John Kasich donned his Halloween costume as a champion for Ohio women several weeks ago when he started running campaign ads that tell us that he is the “right prescription for Ohio women.” But who is the real John Kasich under that carefully crafted mask?

John Kasich is the most anti-choice Ohio governor since Roe v. Wade  in 1973. He has enacted 11 measures that interfere with access to abortion, contraception, and even information for rape survivors. With that sort of record, no wonder he has to pay for campaign ads to say nice things said about his record on women’s issues!

Given his allies claims that Ohio is an anti-choice state (it isn’t), and his presumed re-election on November4th (it ain’t over till the votes are counted), you would think Kasich would be eager to talk about his policies on women’s reproductive health. So what happens when someone tries to lift Kasich’s mask and asks him about the policies he has signed into law? He becomes visibly angry, and will only say, “I am pro-life” as he did at the PD editorial meeting.

Why does Kasich react this way? Perhaps it is because Kasich knows that Ohioans do not support these policies, so he doesn’t want them to be reminded of them as they are walking into the voting booth. Perhaps it is because Kasich knows that his interference with women’s health is shameful.

Kasich’s 11 laws on reproductive health care:

  • Create a new consent process for a woman seeking abortion care that forces her doctor to perform medically unnecessary tests and give her medically ambiguous information about the viability of the pregnancy.
  • Require that all ambulatory surgical centers have transfer agreements with hospitals and grant authority to the politically appointed, anti-choice director of the Ohio Department of Health to cherry-pick what constitutes a valid transfer agreement, or variance, for any reason.
  • Ban public hospitals from having transfer agreements with abortion clinics or allowing their doctors to use their admitting privileges to contract with abortion clinics.
  • Reprioritize family planning funding to defund Planned Parenthood and other family planning experts, many of whom serve the poor in rural counties, jeopardizing the care of tens of thousands of patients that rely on these facilities for cancer screenings, birth control and other basic health care. Because of this provision eleven counties could lose access to subsidized family planning services entirely.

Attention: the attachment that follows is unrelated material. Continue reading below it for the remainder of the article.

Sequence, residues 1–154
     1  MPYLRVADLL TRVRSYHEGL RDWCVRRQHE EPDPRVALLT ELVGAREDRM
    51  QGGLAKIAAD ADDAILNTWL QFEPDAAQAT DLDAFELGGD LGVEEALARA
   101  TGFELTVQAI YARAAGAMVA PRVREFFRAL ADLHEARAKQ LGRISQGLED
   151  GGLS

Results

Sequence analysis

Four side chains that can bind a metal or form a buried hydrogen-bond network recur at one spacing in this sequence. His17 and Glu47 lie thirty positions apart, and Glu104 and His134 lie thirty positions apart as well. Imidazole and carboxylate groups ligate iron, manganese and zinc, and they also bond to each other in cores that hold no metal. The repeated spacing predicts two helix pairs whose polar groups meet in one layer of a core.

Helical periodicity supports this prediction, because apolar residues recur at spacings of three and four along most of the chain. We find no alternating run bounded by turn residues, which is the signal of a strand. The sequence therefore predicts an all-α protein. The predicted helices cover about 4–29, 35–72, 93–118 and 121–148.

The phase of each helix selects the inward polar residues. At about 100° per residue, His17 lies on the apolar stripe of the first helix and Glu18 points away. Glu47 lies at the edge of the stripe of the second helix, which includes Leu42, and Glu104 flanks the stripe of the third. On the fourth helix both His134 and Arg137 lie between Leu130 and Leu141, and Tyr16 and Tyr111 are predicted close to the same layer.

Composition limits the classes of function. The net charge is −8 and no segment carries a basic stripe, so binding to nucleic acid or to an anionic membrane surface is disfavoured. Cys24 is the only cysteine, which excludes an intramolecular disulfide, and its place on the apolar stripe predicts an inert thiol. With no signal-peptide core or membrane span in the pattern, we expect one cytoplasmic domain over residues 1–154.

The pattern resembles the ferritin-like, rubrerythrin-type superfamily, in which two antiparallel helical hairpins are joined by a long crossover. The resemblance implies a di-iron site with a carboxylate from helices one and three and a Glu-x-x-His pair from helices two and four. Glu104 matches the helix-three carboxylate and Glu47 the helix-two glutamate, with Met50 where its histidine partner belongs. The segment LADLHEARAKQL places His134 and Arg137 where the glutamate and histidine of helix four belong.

• Divert federal Temporary Assistance for Needy Families funds intended to be used for cash support for mothers and their children to unregulated crisis pregnancy centers. A year-long investigation conducted by NARAL Pro-Choice Ohio Foundation into crisis pregnancy centers revealed widespread use of coercive, biased, and medically inaccurate information.
  • Ban later term abortion procedures without adequate exceptions for cases of fatal fetal abnormalities, to protect the health of pregnant women or women who have become pregnant because of sexual assault or incest.
  • Ban local government insurance plans from covering abortion services.
  • Ban insurance plans offered through the marketplace set up by the Affordable Care Act from covering abortion services, even when the individual is paying for the coverage with their own money.
  • Ban public hospitals from performing abortions, with only a narrow exception for life threatening situations.
  • Restrict minor women’s access to safe abortion care by limiting where she can obtain a judicial bypass when she cannot get the permission of a parent, as required by law. The restriction also mandates that a judge as a series of state mandated questions that could violate the attorney client privilege of the minor seeking the bypass.
  • Limit how rape crisis programs funded by state dollars can counsel rape victims about their medical options if they get pregnant from the assault.

Many of these provisions were hidden in the state budget and weren’t even given the courtesy of the normal legislative review process. That is why Preterm abortion clinic and the ACLU of Ohio are challenging those provisions in state court.

The only thing scarier than the laws Kasich has enacted, is their impact. Women must leave Ohio to get medical care when something goes tragically wrong later in their pregnancy. Ohio has lost six abortion clinics since January 2013. Only eight remain (Kasich is actively trying to close two of them, and has plans to close them all). Countless women cannot access abortion care because their health insurance is banned from covering the cost, and that number will grow if Kasich succeeds in closing more clinics. Cincinnati could become the largest metropolitan area in America without an abortion provider.

Meanwhile, Kasich continues to hide behind his mask financed by the Koch brothers and all their millionaire pals, pretending that he is “the right prescription for Ohio women.” Scary.


Kellie Copeland is Executive Director for NARAL Pro-Choice Ohio –